Sosa has fifteen knockouts to his credit and one stoppage loss. His lone loss was to Tre’Sean Wiggins in 2010, early on in Sosa’s career. He has defeated the likes of Javier Fortuna, Stephen Smith, Jerry Belmontes, Michael Brooks, and Angel Ocasio. Sosa did have a disputed draw with Nicholas Walters, but many felt he lost that fight.
Jason Sosa is a good gritty boxer that consistently puts on entertaining bouts. He has the heart of a champion, but Lomachenko is on a different level than Sosa and that should be immediately apparent.
It’s hard to envision a scenario where Sosa gives Lomachenko problems and this should be a relatively easy bout for Lomachenko.
Barry Hunter Interview: “To have gone through what they went through and still be standing, is outstanding.”
Barry Hunter Interview: “To have gone through what they went through and still be standing, is outstanding.”
By: Matthew N. Becher
Barry Hunter is a world class trainer out of the Bald Eagle Gym in Washington D.C. He is the trainer for World Champion Lamont Peterson, among many others. Hunter is an old school coach who is emotionally invested in his pupils. He can be seen in many of his fighter’s corners giving inspirational pep talks, even going so far as smacking a fighter to “wake up” in the middle of a bout.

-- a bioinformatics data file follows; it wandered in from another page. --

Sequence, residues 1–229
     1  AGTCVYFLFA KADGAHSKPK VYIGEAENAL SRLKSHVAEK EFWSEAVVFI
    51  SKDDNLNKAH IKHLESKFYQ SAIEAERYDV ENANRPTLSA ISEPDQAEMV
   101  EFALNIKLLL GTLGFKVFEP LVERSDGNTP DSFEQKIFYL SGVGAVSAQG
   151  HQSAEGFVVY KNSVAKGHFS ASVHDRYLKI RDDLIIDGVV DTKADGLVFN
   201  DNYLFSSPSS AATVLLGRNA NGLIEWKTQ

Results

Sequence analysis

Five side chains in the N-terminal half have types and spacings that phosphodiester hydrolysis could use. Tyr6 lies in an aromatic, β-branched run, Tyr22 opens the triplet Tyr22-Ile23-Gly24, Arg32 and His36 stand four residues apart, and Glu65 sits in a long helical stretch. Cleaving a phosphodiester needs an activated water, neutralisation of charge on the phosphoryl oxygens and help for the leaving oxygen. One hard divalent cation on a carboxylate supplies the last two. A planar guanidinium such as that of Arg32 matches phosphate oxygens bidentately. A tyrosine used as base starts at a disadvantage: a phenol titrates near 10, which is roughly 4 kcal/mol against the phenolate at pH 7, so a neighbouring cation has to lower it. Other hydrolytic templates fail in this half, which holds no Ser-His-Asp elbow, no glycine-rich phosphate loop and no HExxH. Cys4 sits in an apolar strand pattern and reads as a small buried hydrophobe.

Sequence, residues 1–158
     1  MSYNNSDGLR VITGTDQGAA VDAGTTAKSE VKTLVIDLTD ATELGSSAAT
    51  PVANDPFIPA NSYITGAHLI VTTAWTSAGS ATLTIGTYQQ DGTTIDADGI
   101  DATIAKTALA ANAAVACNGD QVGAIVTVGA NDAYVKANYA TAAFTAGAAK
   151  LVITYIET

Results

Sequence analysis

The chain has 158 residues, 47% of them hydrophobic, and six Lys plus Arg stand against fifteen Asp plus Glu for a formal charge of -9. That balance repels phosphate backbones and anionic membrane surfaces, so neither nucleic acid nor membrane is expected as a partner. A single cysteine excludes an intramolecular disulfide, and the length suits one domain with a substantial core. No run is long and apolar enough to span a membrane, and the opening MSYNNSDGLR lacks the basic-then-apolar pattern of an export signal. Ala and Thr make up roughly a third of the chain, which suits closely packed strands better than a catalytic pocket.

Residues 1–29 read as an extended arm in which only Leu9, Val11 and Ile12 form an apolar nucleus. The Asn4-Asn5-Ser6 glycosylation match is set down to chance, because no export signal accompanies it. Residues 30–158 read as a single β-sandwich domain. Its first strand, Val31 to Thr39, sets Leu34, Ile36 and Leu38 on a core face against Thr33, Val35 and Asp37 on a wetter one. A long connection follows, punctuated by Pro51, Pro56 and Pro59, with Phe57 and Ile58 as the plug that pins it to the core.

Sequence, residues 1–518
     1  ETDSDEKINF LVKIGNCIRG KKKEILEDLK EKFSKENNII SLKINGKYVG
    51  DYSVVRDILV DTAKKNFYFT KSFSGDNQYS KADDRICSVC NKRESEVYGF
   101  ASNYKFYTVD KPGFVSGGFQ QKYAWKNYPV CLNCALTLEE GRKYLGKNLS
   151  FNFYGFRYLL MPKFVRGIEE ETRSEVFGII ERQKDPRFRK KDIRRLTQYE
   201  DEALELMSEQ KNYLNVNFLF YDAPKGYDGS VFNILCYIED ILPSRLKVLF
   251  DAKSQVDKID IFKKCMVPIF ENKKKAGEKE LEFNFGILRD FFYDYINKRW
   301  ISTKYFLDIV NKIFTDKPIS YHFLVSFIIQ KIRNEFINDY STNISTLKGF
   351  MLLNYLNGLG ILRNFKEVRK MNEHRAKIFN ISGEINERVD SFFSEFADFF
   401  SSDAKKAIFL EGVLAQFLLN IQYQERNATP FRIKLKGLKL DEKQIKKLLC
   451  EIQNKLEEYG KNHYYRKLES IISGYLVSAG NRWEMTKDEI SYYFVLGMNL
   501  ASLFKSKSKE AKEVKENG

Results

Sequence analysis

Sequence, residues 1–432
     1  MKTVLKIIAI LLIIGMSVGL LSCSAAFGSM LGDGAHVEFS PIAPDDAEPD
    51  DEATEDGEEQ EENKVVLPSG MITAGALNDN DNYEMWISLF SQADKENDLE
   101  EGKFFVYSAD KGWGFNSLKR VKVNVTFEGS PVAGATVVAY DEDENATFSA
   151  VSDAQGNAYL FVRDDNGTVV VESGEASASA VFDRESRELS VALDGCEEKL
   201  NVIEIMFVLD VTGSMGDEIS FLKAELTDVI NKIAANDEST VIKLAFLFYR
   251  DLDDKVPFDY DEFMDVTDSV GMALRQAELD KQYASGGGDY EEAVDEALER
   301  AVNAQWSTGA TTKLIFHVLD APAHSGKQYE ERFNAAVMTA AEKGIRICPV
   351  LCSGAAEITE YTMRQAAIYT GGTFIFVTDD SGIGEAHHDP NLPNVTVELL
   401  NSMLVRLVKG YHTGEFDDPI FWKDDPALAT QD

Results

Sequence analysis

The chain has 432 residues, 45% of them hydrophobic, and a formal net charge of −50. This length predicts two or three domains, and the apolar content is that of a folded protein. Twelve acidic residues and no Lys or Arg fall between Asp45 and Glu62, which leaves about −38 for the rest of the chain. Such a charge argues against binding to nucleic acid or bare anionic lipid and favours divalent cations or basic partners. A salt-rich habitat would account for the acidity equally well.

Photo Credit: Tom Casino/Showtime
We were lucky enough to speak with Barry about his star fighters, The Peterson Brothers, as Lamont begins a comeback in the Welterweight division and how the two linked up with their eventual Mentor and trainer.
Boxing Insider: How long have you been training Lamont Peterson?
Barry Hunter: Ever since he was 10 yrs. old. He’s 33, so that is 23 years ago.
Boxing Insider: And how did you guys hook up initially?
Barry Hunter: His brother in Law was the one that initially brought him to the gym. He is, Patrice Harris, who is actually my right hand in the corner. So Patrice was the one that brought Lamont to me.
Boxing Insider: You also train his brother, Anthony?
Barry Hunter: I went to pick Lamont up one day and he, with a few of his siblings ran downstairs with him. Anthony was the one that showed interest towards boxing, so I was the one that brought him with us to the gym.
Boxing Insider: How quickly, training a 10 year old Lamont Peterson, did it take to know that he had something special?
Barry Hunter: The first day. The first day that I trained him, I trained him extremely hard. I would show him a combination or a punch, and if he got it wrong, he would get it right on the second go. But I knew he had something different. His comprehension skills were, at that age, unusual to me.
Boxing Insider: Have you ever seen anything like that before or after, with other kids?
Barry Hunter: After, maybe once or twice. But he was the first that I’ve ever seen like that before.
Boxing Insider: When taking him up the amateur ranks, how good was he?
Barry Hunter: He was definitely a special fighter throughout the amateurs. He had a stellar amateur career. He won many national titles, he was a member of the US team. He was voted athlete of the year, throughout all the sports by the Olympic committee. He was a member of the Pan Am team. Also fought in the Olympic Trials.